In Resch and Department of Veterans Affairs9, the applicant wished to have the description of his disability altered by amending his records under the corresponding provisions in the Commonwealth FOI Act. The Administrative Appeals Tribunal refused the amendments, noting that: "the medical opinions of the departmental medical officers and consultants are not shown to be ‘incorrect’ merely by producing medical opinions to the contrary."
If the applicant is trying to amend purely factual personal information and the decision maker decides to grant the amendment, they should consider amending the information by alteration. 'Altering' may include deletion of the information but not the destruction or disposal of the entire document.10
For example, where a decision maker is satisfied that the applicant’s date of birth in an agency database is incorrect, they can delete the incorrect date of birth and replace it with the correct date of birth.
However, in some circumstances, it may be important to preserve the record, for example, because it may be needed as evidence in litigation or the Public Records Act 2002 (Qld) may require it to remain unaltered. In those circumstances, it may be more appropriate to amend the record by inserting a notation.
Sometimes applicants will seek to amend personal information which is an opinion, or advice or a recommendation based on an opinion, such as a medical or other professional report. These are generally specialist opinions based on facts and other information available to the author at the time of writing. For example, a doctor’s report will generally be based in part on the doctor’s own observations made during an examination of the patient.
Generally, an applicant will find it difficult to succeed on an application to amend an expert opinion, particularly a medical opinion. The mere fact that an agency preferred one report over another does not necessarily make a conflicting opinion incorrect.
Amendment of an expert opinion would only be in contemplation where11:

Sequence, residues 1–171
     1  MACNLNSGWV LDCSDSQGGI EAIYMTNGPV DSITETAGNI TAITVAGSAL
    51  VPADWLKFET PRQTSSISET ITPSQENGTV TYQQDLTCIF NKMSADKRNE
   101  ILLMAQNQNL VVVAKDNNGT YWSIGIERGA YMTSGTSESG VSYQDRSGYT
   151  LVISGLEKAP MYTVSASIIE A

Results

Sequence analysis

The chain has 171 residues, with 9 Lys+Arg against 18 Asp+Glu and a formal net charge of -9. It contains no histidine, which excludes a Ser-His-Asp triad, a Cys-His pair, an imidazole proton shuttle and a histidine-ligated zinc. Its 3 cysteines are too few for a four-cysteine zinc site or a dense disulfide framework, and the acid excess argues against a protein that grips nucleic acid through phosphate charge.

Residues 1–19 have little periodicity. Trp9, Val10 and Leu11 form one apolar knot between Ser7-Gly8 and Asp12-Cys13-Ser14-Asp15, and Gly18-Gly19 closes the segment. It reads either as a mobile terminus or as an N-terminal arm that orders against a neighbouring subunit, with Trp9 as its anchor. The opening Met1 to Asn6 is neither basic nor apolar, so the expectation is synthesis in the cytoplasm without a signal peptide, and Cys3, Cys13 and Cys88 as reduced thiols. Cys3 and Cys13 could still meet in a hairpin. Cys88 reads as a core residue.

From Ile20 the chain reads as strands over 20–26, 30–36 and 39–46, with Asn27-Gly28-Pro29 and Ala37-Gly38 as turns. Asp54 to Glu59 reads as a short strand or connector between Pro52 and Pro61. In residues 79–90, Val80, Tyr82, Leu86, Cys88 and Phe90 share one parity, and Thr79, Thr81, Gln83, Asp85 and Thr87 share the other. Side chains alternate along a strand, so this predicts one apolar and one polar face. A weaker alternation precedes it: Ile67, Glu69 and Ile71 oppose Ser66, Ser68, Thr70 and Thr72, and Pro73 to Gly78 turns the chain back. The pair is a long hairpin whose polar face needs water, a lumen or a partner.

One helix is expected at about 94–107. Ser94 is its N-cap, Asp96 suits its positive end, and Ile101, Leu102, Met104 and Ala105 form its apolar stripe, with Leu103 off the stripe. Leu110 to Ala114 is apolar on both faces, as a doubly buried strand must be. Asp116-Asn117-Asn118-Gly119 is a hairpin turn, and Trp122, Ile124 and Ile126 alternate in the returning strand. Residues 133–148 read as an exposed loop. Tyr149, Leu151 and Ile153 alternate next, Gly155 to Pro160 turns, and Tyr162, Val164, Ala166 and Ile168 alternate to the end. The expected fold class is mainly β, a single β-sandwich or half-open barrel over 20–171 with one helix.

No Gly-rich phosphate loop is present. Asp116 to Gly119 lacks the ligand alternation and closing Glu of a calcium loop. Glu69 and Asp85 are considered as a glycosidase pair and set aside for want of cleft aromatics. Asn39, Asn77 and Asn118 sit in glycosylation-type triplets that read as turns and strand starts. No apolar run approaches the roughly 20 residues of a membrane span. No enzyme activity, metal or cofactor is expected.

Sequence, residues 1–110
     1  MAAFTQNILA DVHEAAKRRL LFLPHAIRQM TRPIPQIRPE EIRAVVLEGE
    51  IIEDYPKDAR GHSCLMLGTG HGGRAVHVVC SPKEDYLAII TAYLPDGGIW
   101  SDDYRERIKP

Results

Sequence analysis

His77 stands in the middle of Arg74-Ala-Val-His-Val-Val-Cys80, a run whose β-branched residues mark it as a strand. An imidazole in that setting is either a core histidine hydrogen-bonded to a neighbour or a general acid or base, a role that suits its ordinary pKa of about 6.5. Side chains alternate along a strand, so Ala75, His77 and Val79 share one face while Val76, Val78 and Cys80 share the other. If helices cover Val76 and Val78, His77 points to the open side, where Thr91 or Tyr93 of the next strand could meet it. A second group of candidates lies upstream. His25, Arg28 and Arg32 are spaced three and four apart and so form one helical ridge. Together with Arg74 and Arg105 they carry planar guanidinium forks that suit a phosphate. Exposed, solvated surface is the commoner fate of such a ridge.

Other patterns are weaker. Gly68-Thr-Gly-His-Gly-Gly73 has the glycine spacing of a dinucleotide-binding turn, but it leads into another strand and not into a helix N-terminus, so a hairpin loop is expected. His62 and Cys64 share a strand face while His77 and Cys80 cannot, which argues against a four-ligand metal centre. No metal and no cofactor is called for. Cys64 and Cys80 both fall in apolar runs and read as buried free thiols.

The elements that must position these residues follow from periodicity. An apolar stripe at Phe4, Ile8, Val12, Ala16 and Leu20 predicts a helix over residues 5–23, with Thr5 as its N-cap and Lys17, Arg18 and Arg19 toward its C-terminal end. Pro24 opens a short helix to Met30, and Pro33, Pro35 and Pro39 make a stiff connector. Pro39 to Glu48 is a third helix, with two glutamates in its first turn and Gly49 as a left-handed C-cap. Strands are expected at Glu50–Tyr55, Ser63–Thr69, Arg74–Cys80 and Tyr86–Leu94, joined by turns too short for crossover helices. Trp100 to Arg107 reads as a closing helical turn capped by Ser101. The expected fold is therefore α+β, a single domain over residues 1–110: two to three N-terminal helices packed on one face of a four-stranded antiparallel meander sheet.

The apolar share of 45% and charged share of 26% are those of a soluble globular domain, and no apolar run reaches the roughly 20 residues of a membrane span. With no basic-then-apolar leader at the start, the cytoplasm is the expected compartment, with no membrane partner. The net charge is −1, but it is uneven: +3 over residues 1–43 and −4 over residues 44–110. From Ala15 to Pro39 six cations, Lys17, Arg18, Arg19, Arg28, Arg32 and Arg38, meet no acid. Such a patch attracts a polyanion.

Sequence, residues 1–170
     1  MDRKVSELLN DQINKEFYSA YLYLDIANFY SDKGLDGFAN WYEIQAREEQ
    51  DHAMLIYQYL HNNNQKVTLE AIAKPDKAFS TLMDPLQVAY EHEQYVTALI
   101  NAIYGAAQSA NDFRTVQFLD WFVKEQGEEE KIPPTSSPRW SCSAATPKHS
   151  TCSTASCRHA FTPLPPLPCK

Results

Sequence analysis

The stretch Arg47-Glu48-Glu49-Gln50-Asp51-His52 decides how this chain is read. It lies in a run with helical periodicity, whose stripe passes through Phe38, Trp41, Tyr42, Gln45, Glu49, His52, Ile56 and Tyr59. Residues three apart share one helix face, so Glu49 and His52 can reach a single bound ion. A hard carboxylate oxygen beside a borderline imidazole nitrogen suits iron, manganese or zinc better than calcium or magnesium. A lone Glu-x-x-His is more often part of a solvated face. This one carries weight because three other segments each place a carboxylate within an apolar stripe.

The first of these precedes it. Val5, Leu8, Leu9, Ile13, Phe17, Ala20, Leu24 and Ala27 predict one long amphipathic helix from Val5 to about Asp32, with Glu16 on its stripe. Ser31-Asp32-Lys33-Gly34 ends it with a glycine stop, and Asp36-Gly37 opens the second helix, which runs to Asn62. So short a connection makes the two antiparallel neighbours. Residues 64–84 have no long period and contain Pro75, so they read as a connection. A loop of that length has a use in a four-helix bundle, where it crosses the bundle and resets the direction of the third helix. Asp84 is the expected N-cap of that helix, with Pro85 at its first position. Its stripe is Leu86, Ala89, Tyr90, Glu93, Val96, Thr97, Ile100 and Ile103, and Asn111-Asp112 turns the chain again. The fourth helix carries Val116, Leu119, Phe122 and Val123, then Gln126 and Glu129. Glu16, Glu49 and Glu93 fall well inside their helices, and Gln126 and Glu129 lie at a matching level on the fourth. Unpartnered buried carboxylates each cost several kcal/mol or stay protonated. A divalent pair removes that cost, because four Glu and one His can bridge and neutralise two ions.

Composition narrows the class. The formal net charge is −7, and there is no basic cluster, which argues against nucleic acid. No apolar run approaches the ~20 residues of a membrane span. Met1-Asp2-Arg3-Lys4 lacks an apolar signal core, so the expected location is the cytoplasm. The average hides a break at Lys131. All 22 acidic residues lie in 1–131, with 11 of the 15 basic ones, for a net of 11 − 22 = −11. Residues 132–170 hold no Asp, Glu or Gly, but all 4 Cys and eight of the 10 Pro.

However, these are serious conclusions that are difficult to establish, and the onus lies on the applicant to provide the evidence that proves them. The fact that another expert might have taken a different view on the same facts is not enough.
If an applicant does provide information that leads a decision maker to believe one of these might be relevant to their application, the decision maker should consider the matter carefully and consult the author of the report or other experts as appropriate.
Even if a decision maker was satisfied that the expert opinion was incorrect or misleading, the form of amendment would generally not involve removing the original report (or any part of it) from the file. The amendment could be made by way of:
Amendment applications made on the basis that opinion-based personal information is out of date raises different issues. A medical or other expert's opinion often represents a ‘snapshot in time', describing particular circumstances, symptoms or treatments.
In the sense that the report or opinion might only apply for a set period of time, the report may almost immediately go 'out of date', however, as it is still an accurate statement of the expert's opinion at the time it was made, it is not likely to be out of date within the meaning of the IP Act.